National disability organisations call for an overhaul
National disability organisations call for an overhaul of domestic violence laws to protect disabled people
Three national disability organisations have joined together to urge the Government to make comprehensive changes to protect disabled people from abuse and domestic violence.
CCS Disability Action, IHC and the Disabled Persons Assembly (DPA) say that the risk of violence to disabled people is far higher than it is for their non-disabled counterparts. According to the 2013 Disability Survey, disabled people aged between 15 and 44 were 4.2 times more likely than non-disabled people of being a victim of violent crime in the previous 12 months.
In their joint submission to the Better Family Violence Law Consultation, the organisations have outlined ways the risk of violence can be reduced.
IHC’s Director of Advocacy, Trish Grant, said that consultation was timely in that the disability sector and government were already focused on the unacceptable levels of violence experienced by disabled people and the lack of legal and other protections available from statutory and community organisations. Given those difficulties the joint submission promotes the need for better safeguarding for disabled people and recommends strengthening the provisions of the Protection of Personal and Property Rights Act, along with establishing an Office of the Public Advocate.
“A Public Advocate with authority and resources to investigate and respond to concerns about the abuse, neglect or exploitation of disabled people is urgently needed,” said Trish Grant.
The joint submission also recommends changes to the Domestic Violence Act to make it clearer that relationships between disabled people and their paid support workers/carers can be covered.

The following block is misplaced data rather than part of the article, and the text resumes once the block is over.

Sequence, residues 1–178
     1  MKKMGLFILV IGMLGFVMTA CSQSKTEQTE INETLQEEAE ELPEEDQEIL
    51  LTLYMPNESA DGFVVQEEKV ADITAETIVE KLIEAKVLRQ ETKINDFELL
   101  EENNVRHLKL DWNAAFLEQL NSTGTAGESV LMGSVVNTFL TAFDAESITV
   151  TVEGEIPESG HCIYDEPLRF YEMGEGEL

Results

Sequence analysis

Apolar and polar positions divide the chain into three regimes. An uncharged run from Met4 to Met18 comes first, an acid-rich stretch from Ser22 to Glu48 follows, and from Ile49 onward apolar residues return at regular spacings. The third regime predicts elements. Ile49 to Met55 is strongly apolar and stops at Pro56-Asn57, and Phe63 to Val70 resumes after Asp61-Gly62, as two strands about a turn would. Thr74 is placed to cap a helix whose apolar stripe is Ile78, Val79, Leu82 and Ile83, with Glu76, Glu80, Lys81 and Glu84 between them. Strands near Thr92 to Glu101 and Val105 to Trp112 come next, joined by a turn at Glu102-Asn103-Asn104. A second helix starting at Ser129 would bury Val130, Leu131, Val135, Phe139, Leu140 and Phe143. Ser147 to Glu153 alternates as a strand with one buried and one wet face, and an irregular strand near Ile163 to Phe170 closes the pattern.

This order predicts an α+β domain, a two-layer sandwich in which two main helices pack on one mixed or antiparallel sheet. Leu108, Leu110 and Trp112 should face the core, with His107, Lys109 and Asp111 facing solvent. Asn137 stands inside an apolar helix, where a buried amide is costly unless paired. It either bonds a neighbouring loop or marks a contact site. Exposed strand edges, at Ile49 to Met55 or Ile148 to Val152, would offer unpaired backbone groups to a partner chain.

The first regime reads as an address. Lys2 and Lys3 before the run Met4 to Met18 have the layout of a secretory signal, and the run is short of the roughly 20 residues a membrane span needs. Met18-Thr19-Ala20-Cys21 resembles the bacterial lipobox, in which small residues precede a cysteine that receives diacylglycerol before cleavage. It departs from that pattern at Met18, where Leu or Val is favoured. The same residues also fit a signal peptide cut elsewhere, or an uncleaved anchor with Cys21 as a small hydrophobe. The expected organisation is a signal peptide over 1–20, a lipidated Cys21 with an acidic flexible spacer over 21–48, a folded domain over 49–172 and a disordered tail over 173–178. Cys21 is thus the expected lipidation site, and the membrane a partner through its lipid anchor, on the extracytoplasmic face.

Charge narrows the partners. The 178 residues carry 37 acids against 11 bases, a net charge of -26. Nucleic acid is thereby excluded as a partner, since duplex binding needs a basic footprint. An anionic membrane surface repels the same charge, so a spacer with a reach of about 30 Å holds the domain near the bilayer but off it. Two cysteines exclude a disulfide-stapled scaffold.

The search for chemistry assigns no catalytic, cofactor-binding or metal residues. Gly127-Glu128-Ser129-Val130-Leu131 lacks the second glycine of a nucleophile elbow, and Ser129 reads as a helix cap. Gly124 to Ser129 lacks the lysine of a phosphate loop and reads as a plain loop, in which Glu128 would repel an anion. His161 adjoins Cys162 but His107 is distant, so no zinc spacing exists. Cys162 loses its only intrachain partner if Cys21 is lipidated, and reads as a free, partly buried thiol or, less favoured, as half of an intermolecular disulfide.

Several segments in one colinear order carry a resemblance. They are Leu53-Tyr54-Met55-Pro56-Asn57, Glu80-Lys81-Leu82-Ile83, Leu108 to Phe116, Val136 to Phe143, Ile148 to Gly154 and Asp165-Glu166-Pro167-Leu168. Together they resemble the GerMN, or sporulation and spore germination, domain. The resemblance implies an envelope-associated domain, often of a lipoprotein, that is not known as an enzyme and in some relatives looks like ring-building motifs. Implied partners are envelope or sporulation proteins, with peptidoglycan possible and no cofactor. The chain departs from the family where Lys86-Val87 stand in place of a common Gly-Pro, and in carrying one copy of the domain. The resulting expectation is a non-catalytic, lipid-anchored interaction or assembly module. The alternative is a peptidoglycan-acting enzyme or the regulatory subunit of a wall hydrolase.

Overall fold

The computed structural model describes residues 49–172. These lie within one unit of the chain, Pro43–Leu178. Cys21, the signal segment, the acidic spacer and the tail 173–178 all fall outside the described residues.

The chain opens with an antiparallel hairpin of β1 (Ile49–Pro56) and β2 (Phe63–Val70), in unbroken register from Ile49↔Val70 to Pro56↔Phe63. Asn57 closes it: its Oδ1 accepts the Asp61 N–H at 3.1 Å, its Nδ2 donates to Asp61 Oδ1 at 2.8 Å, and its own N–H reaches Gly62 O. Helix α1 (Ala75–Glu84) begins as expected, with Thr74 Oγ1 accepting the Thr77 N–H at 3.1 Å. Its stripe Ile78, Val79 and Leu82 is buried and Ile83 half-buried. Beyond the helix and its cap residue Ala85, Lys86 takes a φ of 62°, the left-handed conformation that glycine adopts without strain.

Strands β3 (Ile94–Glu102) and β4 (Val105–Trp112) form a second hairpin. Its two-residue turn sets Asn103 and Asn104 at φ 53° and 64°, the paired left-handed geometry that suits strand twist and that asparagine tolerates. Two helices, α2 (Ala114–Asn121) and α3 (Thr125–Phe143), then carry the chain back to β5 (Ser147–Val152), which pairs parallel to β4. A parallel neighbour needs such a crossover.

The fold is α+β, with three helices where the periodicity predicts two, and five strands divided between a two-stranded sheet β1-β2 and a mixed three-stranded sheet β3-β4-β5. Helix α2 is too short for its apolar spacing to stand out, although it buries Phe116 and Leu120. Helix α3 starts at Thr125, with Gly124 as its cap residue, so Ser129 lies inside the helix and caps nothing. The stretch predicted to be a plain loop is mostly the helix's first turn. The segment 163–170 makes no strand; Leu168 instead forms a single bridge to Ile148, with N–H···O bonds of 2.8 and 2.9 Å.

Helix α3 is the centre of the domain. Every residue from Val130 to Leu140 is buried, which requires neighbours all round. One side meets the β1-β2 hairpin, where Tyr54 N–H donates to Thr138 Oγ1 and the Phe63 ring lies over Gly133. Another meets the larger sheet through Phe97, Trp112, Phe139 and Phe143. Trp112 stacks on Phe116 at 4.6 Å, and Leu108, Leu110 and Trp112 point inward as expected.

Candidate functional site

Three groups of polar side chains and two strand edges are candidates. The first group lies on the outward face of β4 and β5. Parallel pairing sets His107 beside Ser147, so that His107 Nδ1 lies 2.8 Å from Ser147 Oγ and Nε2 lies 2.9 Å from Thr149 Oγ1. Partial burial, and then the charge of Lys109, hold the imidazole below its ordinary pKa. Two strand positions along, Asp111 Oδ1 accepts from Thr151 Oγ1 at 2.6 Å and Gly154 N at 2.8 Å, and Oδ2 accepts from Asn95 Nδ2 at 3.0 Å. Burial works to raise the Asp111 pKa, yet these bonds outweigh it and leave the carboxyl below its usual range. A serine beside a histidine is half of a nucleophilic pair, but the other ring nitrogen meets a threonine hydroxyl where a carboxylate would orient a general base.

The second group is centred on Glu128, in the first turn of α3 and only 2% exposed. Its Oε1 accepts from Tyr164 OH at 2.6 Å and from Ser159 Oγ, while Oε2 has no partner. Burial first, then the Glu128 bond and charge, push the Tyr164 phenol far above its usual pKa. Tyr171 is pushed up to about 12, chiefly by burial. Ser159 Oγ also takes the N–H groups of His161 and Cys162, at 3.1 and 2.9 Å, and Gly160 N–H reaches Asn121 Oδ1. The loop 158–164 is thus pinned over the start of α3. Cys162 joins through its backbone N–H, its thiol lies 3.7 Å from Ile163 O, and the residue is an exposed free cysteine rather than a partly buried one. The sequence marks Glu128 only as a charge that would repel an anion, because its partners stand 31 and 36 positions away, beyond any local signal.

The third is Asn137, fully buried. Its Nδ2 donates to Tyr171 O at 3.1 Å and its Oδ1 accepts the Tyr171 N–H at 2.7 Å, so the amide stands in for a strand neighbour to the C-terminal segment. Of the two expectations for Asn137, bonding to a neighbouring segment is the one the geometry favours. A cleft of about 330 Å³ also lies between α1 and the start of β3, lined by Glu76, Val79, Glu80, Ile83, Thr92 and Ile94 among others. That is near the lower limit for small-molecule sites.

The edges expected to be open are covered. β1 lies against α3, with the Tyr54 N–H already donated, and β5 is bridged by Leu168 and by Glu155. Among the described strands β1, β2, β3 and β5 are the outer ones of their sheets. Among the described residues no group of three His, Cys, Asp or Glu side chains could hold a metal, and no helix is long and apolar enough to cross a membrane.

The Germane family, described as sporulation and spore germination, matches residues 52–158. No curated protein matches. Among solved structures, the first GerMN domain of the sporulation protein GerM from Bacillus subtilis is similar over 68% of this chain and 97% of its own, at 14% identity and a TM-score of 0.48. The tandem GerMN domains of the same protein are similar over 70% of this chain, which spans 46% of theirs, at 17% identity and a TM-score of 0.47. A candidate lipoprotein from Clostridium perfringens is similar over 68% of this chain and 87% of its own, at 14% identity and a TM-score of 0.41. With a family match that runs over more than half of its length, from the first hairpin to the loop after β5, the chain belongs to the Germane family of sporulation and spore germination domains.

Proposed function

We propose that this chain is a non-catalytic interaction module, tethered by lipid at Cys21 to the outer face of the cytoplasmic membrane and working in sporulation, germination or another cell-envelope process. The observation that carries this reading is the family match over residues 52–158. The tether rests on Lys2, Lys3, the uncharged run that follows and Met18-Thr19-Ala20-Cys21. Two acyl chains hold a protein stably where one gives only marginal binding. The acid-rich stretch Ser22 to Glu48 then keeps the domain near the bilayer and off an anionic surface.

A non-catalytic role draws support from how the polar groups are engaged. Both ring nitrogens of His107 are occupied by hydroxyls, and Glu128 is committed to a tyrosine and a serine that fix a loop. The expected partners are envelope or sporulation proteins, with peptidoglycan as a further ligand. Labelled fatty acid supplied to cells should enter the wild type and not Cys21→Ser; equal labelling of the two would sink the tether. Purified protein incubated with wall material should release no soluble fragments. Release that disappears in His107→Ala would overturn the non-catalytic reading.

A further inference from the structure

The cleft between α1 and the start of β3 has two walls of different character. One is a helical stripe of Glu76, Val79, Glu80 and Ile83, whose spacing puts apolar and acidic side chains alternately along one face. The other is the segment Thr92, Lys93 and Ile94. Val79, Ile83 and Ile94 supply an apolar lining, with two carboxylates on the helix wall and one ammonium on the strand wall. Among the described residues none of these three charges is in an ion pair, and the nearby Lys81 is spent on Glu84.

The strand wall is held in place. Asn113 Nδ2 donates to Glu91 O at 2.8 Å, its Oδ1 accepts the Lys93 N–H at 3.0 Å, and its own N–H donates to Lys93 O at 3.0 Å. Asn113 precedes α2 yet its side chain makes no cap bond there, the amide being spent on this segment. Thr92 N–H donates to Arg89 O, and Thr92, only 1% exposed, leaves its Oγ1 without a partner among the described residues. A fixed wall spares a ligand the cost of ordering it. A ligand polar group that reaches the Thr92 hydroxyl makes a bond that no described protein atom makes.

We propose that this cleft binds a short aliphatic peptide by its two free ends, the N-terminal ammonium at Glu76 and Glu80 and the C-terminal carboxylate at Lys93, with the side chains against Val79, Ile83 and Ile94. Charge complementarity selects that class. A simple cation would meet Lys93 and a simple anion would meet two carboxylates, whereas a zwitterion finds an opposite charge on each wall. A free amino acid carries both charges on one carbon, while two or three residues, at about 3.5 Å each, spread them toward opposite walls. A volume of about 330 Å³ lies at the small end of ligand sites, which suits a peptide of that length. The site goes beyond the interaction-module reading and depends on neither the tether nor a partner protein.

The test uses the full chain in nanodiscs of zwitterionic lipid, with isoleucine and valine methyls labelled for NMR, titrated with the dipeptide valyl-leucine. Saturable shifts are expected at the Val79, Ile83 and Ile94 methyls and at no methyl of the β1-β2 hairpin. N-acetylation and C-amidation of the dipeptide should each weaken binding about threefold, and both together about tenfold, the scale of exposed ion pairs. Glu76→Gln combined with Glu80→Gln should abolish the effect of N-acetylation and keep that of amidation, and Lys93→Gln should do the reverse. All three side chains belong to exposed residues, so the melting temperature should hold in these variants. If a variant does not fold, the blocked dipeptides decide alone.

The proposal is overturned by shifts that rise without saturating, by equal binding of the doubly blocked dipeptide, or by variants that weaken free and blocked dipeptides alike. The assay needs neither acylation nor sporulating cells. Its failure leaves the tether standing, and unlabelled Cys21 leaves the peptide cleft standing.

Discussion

“Domestic violence can – and at times has been – perpetrated by paid support workers and carers; those responsible for very personal care. This includes staff working in residential services or a person’s own home. Currently, the law is unclear about the relationship between disabled people and these support workers or carers. Even with the best of intentions we know that boundaries can be crossed in the relationship between paid staff and a disabled person which– at times can lead to psychological, emotional, physical and or financial abuse,” said Joy Gunn, Acting Chief Executive of CCS Disability Action.
Ms Gunn said the organisations are recommending that the courts be given the discretion to decide if the paid employment relationship is actually a “close and personal one” which would then see alleged abuse dealt with as a domestic violence issue. Currently, courts do not have this discretion.
Acting Chief Executive for the Disabled Persons Assembly, Waddy Wadsworth, said the higher risk of violence and abuse of disabled children and adults is completely unacceptable and more must be done to make legal protection accessible to them.
“Making information and legal processes more accessible as well as addressing negative assumptions about disabled people is key to reducing the higher rate of violence and abuse. Sometimes the Police and prosecutors assume disabled people will not be able to give evidence. The Solicitor General’s guidelines discourage the Police from taking a prosecution to court if they think a conviction is unlikely. As a result, perpetrators of domestic violence against disabled people can feel like they can act with impunity.”
The submission recommends more training for the Police, lawyers and judges as well as changes to the Solicitor-General’s Prosecution Guidelines to make the Police more likely to take people who abuse disabled people to court.